Congress can help end the preventable deaths of moms and kids. Let’s make sure they do.
Summer is here. It’s the time of year when lots of kids are carefree – spending hours playing outside, eating popsicles, or taking a dip in the neighborhood pool. If they fall ill during their adventures, most of us take for granted that a quick trip to the pharmacy or doctor’s office will solve the problem.
Unfortunately, that’s not the case in many parts of the world. It’s 2018, but about 11 children under the age of 5 are still dying every minute — mostly from treatable causes like diarrhea and pneumonia.
This is an infuriating problem – and like so many things, it might seem too big and overwhelming to fix. But it’s not. In fact, it’s one of the few issues that members of Congress from both parties can get behind.
More than 180 legislators — Republicans and Democrats alike — have signed on to a bill that has the potential to help pave the way for the end of preventable child and maternal deaths by 2035. Yes, it’s possible -- and now it’s time for Congress to turn bipartisan support into bipartisan action.
The House Committee on Foreign Affairs and the Senate Committee on Foreign Relations should waste no time in taking up the Reach Every Mother and Child Act of 2017 (S. 1730 and H.R. 4022 ) so this legislation can make its way into law.
The world has made incredible progress on this issue over the last 25 years. With the support of the U.S. Agency for International Development (USAID) and its global partners, the number of children under the age of 5 dying annually has fallen at an astonishing rate, from 12.7 million in 1990 to 5.6 million today. But there’s still a long way to go, and the Reach Act will make sure this country does its part to help get there.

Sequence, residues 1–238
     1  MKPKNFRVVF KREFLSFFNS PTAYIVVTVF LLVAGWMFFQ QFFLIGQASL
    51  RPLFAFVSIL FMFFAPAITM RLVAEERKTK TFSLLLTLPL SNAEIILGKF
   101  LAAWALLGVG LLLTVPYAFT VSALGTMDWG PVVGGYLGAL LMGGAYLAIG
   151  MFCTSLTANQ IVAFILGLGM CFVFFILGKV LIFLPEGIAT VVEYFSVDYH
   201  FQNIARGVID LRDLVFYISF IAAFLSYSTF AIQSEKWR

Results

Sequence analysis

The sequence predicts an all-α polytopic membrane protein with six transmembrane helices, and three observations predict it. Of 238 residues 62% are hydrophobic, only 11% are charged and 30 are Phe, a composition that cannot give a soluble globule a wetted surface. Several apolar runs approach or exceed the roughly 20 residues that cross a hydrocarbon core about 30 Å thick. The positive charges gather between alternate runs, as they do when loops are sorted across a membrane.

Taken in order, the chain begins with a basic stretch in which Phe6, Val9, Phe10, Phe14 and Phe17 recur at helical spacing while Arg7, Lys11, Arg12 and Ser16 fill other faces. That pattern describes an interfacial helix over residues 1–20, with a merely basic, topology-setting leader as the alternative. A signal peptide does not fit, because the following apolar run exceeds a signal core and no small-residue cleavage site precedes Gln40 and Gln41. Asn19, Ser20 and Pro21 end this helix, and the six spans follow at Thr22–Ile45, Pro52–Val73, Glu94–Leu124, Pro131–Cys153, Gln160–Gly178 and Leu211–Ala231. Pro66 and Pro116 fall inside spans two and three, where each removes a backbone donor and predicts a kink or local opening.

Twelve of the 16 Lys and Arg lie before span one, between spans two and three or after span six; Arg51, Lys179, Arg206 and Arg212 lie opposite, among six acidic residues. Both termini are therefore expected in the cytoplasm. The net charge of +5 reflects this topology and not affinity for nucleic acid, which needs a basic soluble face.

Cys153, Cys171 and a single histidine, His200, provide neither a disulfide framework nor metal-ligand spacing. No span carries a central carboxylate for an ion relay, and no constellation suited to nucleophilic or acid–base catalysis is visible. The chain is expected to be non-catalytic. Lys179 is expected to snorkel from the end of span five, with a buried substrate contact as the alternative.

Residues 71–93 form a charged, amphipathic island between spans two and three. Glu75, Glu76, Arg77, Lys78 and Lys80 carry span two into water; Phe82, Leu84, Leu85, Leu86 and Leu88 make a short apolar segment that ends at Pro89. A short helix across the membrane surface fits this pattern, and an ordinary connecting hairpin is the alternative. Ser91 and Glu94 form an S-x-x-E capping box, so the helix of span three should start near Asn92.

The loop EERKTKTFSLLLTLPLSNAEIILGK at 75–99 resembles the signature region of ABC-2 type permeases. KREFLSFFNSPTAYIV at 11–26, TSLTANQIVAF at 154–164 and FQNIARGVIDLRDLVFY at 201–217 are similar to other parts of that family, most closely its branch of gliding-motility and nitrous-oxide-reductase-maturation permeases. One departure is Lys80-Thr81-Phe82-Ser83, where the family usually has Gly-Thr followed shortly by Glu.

This legislation will enshrine important reforms into law, better positioning USAID, our country’s main international development agency, to support countries to save more lives. The Reach Act focuses on what we know works, including quality prenatal care, management of labor and delivery, and basic treatments necessary for child health.
The Senate bill is led by Senators Susan Collins (R-ME) and Chris Coons (D-DE), and the House bill is led by Representatives Dave Reichert (R-WA), Betty McCollum (D-MN), Barbara Lee (D-CA), and Dan Donovan (R-NY).
Where a baby is born should not determine how long she lives. This is Congress’ chance to show they can come together on the issues that matter most. It’s time to take up this common sense, cost-effective, and lifesaving bill.
What Will This Legislation Do?
The Reach Act will hold USAID accountable for sticking to its promises. Without requiring additional funding, it will ensure USAID:
This legislation will maximize our investments, with returns measured in lives saved and healthy, prosperous communities.
If the House Committee on Foreign Affairs and the U.S. Senate Committee on Foreign Relations work quickly to take up this bill, Congress can help make sure that every single child in the world — regardless of where they are born — has a chance to not only survive, but thrive.
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